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New $100 bill weds high tech, history

Nov 15 2011
Mark Carney, Governor of the Bank of Canada, introduces the new Canadian $100 bill at Toronto's MaRS building,  Monday November 14, 2011. 

Mark Carney, Governor of the Bank of Canada, introduces the new Canadian $100 bill at Toronto's MaRS building, Monday November 14, 2011.

Photograph by: Peter J. Thompson, National Post

The Bank of Canada released the country's first polymer $100 bank note Monday, a redesign that incorporates new features to combat counterfeiting.

"They will be more secure, more durable, they will be better for the environment and they are very innovative as well," said Isabelle Jacques, senior analyst for the Bank of Canada's regional office for B.C. and the Yukon.

Each note is made of a single sheet of polymer, a plastic-like material.

Security features include holographic elements and a metallic strip running through a transparent window.

"They are as easy to verify, but harder to conterfeit," Jacques said.

The notes, which are recyclable, are more durable than the existing cotton-based notes, which means they will not have to be replaced as often, she said.

A portrait of former prime minister Sir Robert Borden is on one side; on the other is a celebration of Canada's scientific innovations, such as the 1923 insulin breakthrough by University of Toronto researchers Frederick Banting and Charles Best.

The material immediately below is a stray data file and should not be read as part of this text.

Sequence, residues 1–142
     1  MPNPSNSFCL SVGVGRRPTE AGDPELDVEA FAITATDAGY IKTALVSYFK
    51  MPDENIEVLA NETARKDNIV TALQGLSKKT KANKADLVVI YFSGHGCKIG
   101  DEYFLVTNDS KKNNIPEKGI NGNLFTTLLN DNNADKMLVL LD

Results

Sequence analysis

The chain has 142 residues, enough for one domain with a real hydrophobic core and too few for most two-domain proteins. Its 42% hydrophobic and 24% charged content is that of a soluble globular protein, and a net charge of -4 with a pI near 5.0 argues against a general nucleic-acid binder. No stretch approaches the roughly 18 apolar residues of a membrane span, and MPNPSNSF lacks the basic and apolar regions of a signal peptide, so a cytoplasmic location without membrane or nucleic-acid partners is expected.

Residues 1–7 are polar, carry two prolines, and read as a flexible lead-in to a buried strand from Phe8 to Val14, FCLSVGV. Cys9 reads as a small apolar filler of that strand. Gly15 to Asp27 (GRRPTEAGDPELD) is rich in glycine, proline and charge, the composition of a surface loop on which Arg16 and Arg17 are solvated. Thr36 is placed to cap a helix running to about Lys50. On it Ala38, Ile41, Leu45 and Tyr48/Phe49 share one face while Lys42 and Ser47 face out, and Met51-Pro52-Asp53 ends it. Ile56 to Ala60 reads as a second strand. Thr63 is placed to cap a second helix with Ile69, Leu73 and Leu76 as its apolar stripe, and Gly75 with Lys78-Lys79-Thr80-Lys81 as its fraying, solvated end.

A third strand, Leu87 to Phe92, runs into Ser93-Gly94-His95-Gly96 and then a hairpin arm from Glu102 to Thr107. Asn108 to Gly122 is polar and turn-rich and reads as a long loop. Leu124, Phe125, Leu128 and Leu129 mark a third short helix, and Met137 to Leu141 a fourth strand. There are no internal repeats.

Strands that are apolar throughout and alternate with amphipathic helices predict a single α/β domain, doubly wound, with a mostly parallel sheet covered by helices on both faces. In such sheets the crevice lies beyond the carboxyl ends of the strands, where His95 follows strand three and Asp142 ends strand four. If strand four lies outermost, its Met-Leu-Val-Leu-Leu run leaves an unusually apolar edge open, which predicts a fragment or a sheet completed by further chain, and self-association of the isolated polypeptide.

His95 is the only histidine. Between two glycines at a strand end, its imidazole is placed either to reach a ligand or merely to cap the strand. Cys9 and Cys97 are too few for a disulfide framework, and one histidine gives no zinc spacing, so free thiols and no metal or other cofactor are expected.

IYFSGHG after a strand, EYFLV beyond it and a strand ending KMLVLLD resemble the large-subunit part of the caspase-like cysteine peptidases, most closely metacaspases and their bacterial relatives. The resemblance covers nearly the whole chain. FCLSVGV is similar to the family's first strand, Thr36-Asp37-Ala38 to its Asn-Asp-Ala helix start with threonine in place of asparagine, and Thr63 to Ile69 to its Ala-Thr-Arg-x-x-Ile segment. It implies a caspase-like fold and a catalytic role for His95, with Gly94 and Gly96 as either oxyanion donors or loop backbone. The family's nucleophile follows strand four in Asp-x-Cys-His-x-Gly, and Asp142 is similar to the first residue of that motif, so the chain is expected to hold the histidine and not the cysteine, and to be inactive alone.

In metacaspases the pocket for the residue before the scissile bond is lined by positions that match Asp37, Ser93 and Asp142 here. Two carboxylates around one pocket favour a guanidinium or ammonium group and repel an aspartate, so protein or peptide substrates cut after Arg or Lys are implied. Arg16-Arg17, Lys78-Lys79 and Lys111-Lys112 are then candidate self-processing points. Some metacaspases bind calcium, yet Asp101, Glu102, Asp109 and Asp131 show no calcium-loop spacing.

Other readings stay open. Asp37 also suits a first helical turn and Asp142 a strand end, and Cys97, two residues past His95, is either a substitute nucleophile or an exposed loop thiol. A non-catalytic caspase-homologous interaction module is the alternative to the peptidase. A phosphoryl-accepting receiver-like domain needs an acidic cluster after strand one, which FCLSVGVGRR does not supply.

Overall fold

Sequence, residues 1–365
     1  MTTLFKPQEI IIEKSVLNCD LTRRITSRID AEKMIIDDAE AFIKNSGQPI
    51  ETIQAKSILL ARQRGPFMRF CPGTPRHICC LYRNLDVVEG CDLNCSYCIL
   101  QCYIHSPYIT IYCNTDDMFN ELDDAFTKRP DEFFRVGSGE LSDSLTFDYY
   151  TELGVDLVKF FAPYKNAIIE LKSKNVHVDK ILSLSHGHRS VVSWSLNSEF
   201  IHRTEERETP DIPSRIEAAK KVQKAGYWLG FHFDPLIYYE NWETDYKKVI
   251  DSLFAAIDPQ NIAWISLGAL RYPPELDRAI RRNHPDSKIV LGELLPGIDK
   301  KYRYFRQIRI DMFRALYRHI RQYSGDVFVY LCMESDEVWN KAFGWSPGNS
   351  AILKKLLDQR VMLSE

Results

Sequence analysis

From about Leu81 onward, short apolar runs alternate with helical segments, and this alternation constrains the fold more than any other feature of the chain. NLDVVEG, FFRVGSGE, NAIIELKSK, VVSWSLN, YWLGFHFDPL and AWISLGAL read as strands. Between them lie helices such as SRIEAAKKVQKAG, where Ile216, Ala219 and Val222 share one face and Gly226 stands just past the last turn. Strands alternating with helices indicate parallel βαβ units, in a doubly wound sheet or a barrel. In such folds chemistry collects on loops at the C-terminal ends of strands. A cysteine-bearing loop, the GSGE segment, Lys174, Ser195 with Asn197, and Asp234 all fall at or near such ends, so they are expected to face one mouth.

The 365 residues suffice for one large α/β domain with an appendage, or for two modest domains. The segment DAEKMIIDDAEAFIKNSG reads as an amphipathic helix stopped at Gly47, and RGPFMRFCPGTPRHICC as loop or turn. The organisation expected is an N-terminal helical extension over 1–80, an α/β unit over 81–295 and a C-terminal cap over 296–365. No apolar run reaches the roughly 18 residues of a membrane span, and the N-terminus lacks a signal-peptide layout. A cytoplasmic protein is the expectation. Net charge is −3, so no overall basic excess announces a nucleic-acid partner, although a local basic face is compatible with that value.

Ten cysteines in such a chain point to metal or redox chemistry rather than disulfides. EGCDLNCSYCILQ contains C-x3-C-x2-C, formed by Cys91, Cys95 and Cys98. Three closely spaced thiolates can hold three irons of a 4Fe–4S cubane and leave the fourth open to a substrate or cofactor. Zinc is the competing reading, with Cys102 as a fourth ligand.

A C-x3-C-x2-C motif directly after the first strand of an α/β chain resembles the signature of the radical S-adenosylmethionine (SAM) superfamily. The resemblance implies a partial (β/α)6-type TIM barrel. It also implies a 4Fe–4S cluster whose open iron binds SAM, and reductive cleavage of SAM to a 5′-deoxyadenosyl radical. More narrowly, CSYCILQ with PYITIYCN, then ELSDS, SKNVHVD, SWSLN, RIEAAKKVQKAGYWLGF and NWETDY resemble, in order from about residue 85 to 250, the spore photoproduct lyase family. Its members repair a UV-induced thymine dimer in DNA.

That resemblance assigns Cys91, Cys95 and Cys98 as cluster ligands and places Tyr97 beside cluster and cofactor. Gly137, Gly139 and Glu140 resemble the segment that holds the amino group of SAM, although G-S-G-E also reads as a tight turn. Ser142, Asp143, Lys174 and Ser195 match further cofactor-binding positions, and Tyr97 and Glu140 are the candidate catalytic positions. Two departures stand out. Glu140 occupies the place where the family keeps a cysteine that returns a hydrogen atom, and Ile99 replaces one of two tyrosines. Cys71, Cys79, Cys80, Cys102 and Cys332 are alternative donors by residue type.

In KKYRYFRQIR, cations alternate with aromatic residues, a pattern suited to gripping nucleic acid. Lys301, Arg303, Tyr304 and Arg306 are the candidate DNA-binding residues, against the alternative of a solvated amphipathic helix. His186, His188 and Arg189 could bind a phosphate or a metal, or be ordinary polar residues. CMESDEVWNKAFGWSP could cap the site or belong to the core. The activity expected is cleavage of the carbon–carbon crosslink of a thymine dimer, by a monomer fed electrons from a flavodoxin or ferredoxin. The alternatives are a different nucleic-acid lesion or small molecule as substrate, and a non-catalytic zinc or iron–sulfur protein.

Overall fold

Bank of Canada governor Mark Carney released the new note in Toronto on Monday to draw attention to World Diabetes Day and to coincide with the 120th anniversary of Banting's birth in Alliston, Ont., on Nov. 14, 1891.

A polymer version of the $50 bill is expected in March 2012 followed by a $20 note in late 2012. The $10 and $5 polymer versions are expected by the end of 2013.

The redesigned $50 bill, which will continue to show Second World War-era prime minister Mackenzie King on the front. The back will feature an image of the Canadian Coast Guard Ship Amundsen, an Arctic-capable scientific research vessel.

The $20 bill will feature a new portrait of Queen Elizabeth on the front and an obverse image of the Vimy Memorial in France, commemorating Canada's military heritage.

The $10 bill will have Canada's first prime minister, Sir John A. Macdonald, on the front and an illustration celebrating Canada's railway heritage on the back.

And the $5 bill will retain the portrait of Sir Wilfrid Laurier while celebrating two Canadian innovations in aerospace technology — Canadarm2 and Dextre.


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